Barbara Corkey, PhD
Professor, Research Gastroenterology
Q&A with Barbra Corkey, PhD
- What is the focus of your obesity research?
- When we hear about environmental agents as a possible cause for obesity, what does this really mean? How and when are we exposed to them?
- Is there an issue with the current focus on diet and lack of activity as the main cause of obesity?
- With so few answers to date, what can we, as individuals and as public health practitioners, do to curb the epidemic?
The main gist of the work in my lab is to look at metabolic signals to try to understand causes of obesity and diabetes by studying cell systems, at a very basic level, not yet in animals or humans. We are trying to look at the thousands of things that have entered our food supply since the obesity epidemic began in order to find out whether they affect the function of certain cell types. For instance, we look at the storage of fat by fat cells, the secretion of insulin by beta cells, and the acquisition of fat by liver cells. So, if the normal function of beta cells is interrupted, and a person’s pancreas secretes too much insulin, this will lower his/her blood sugar. A natural reaction to low blood sugar is to eat. However, if this person is eating as a result of false signals, he/she will get fat. And that’s a problem.
If, at a cellular level, we identify agents that affect the functions of these cell types in this way, then we can make the prediction that it may do the same thing in vivo or in utero. This will lead to tests to see if that is correct, and if it is, we will work hard to eliminate these agents from our food supply.
These agents are additives such as artificial sweeteners and preservatives or emulsifiers that are found in our food supply, especially in processed foods, and may be the culprits for disrupting our cell system functions. There may be different susceptibility to these agents at different stages of the life cycle. Much new data indicate that the in utero environment impacts how a child and eventually an adult will develop. We don’t know yet if all of this is true, but if I were pregnant, I would be even more vigorously cautious about what I put into my body and go for as much purity as one can muster.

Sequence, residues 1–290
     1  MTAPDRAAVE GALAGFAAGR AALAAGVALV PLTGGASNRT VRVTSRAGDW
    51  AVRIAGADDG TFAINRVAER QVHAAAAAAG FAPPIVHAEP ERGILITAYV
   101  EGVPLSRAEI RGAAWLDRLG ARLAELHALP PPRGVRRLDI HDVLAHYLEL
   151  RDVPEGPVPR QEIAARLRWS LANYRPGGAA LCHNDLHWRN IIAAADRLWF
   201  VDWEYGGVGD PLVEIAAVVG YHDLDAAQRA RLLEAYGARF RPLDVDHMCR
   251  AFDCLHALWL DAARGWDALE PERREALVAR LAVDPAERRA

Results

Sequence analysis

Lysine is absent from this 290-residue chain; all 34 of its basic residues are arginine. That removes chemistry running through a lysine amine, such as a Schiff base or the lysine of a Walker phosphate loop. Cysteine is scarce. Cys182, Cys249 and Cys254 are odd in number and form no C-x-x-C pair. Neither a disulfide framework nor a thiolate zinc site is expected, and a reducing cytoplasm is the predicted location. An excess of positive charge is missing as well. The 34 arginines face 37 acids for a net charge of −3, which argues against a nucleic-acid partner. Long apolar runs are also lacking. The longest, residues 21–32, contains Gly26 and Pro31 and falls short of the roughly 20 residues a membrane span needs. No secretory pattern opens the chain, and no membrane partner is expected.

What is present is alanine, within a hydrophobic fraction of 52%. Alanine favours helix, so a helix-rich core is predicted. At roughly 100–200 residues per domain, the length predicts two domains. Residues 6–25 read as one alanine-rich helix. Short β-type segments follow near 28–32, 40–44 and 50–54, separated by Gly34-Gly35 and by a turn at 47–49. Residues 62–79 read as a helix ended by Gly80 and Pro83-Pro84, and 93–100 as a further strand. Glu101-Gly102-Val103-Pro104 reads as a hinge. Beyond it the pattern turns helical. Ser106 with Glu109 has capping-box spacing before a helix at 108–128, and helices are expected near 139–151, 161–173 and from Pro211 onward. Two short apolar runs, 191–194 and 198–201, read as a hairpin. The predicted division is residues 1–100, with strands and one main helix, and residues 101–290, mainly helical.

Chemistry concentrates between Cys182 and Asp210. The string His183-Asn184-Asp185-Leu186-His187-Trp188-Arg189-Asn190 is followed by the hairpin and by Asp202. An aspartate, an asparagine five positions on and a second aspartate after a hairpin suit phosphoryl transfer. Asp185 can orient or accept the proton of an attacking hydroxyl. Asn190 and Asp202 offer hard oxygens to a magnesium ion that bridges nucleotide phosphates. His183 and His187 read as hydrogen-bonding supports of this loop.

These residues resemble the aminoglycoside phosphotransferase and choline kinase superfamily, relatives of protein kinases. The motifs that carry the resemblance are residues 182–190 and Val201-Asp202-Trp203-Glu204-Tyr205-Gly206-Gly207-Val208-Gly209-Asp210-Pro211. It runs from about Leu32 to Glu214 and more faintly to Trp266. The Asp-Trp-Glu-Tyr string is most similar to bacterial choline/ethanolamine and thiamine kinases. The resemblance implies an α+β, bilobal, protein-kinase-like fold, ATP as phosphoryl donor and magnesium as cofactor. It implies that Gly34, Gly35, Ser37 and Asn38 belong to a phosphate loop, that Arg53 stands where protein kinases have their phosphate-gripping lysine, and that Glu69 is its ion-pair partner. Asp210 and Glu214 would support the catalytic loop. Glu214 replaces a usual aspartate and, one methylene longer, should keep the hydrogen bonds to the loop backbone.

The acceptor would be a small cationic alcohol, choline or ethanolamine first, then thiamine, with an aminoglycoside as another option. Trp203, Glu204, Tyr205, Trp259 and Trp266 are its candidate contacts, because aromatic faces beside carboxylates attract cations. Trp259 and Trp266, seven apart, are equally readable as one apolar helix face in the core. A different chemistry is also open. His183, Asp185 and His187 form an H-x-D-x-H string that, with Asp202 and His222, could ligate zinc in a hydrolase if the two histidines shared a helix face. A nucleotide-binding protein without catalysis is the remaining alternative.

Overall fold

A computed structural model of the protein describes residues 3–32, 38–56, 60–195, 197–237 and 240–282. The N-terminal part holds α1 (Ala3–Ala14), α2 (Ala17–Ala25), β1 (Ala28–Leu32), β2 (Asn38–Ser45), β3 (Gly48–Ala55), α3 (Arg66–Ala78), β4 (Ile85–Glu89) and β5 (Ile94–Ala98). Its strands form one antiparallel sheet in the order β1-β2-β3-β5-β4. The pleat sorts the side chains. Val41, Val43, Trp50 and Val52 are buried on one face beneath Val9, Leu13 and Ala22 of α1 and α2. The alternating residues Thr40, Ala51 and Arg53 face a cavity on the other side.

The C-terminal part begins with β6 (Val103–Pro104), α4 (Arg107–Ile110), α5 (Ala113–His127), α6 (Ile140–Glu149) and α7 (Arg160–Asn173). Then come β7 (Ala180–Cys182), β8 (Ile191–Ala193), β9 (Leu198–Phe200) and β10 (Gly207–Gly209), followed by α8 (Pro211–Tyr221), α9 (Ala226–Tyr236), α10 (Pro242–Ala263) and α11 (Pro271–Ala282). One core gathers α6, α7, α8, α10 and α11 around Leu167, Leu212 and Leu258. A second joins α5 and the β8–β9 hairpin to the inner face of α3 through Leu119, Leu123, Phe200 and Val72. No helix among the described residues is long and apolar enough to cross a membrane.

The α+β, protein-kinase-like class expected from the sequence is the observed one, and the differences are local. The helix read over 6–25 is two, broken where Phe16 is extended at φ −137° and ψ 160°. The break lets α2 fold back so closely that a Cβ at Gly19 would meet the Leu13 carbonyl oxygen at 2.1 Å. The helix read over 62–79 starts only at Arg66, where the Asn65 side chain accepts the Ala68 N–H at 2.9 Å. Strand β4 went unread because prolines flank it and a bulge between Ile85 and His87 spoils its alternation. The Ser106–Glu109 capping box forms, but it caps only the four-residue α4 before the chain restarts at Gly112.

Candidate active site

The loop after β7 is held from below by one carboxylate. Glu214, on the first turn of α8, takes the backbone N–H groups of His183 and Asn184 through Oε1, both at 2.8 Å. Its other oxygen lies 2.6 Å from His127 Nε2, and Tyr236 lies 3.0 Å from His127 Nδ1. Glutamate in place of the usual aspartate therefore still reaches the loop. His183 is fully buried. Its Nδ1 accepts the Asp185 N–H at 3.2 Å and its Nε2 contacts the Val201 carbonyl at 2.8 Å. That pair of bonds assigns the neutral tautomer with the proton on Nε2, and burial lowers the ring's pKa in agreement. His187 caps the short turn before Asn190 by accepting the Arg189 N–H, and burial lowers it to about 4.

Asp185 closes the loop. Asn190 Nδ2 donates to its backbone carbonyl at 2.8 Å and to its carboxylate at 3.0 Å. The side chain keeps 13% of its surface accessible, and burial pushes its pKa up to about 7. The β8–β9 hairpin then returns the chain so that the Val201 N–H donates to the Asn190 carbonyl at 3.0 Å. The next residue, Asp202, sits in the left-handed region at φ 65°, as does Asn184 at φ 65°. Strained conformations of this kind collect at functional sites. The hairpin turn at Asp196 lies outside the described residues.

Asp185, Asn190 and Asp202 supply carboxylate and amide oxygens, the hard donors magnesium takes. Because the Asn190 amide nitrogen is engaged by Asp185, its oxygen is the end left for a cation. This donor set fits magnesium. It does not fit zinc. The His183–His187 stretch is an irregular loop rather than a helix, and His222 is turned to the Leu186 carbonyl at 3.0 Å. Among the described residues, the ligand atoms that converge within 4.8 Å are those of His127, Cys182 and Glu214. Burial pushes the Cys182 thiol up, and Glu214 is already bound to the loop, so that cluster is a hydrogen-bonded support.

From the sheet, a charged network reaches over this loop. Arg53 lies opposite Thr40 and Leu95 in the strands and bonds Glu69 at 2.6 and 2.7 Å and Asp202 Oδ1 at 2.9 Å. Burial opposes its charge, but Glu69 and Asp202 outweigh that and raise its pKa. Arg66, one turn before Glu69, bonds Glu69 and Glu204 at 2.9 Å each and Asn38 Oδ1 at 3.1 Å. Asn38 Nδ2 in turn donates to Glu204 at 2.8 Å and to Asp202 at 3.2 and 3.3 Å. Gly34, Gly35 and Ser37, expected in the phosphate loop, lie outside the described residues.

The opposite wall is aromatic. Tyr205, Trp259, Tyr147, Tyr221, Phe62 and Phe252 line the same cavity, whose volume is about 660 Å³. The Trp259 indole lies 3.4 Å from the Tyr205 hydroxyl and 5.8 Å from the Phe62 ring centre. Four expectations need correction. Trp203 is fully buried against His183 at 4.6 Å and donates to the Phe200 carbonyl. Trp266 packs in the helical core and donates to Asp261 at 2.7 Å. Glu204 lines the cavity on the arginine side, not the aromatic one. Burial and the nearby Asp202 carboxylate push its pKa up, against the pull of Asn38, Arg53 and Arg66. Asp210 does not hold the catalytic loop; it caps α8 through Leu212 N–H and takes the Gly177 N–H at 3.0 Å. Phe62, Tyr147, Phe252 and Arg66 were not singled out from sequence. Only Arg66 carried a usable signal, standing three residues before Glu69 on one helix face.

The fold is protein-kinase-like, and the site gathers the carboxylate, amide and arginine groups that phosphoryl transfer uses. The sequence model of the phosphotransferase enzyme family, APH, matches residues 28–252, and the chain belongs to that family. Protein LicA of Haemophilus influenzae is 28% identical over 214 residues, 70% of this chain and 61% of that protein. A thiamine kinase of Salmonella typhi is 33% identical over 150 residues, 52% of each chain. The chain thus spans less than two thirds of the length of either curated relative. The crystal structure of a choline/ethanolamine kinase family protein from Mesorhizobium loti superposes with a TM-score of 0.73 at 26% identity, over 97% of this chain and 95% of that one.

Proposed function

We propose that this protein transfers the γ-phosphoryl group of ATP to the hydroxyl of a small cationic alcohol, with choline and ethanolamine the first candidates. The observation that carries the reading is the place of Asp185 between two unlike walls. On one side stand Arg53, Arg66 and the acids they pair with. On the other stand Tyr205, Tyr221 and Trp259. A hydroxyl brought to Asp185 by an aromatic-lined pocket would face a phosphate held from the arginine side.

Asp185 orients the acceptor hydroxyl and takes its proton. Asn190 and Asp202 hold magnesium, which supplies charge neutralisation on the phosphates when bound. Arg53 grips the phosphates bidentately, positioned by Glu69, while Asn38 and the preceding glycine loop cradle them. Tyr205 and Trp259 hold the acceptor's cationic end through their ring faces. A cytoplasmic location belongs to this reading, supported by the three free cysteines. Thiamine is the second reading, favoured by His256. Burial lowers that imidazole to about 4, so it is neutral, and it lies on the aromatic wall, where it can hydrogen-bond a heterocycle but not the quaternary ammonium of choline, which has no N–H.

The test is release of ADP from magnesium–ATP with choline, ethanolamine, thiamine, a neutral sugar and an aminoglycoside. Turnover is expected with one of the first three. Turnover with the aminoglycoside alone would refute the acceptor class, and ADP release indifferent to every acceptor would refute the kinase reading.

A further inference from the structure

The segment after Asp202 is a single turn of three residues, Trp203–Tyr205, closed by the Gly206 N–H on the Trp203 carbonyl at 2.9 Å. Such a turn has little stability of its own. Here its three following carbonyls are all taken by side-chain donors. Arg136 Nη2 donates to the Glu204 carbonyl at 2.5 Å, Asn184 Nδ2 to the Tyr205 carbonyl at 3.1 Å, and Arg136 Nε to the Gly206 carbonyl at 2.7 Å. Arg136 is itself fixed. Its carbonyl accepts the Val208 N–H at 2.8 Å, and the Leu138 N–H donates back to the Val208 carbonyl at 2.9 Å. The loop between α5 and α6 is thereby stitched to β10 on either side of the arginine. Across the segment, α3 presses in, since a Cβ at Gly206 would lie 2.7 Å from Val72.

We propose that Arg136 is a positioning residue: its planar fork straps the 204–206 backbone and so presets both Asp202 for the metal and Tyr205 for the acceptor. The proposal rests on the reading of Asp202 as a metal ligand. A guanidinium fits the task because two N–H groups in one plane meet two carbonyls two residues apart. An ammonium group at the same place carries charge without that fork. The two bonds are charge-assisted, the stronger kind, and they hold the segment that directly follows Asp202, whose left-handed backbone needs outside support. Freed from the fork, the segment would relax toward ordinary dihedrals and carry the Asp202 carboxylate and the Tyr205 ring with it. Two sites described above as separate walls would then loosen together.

I would say there is a dramatic over-focusing on diet and physical activity. It has been almost the only focus. And the reality of it is that it hasn’t done much good. There are two possibilities when something doesn’t work: either the approach is being used incorrectly or people are not doing what they should (in this case, eating right and exercising). I’m willing to believe that that could be true of some people, but I seriously doubt that all of the children who are now becoming obese are just bad. Instead, they may be responding to signals that we don’t yet understand.
I think that on an individual basis, one can pay attention to what one consumes. For instance, eat more fruits and vegetables, not because they are so healthy but because they aren’t processed, so they have less of these untested foreign ingredients in them. We can each do our own kind of experiments and see what works.
As public health practitioners, we need to spread the truth and identify what we really know and what we really don’t know. As long as we give the misimpression that we know what to do and that people are being bad and not doing it, we are contributing to the problem. We need to be honest about the fact that we still don’t know what a healthy diet is.
For More on the Topic Visit:
- An article about Dr. Barbara Corkey’s life as a biochemist and her research on metabolism in a past issue of Bostonia.
- Part of the HBO Weight of the Nation film series website, this page discusses the importance of research to the obesity epidemic as well as recent obesity research advances.
- The American Public Health Association discusses “obesity genes” and their contribution to the obesity epidemic.
- An article in the journal Environmental Health Perspectives about obesogens, a possible environmental link to obesity.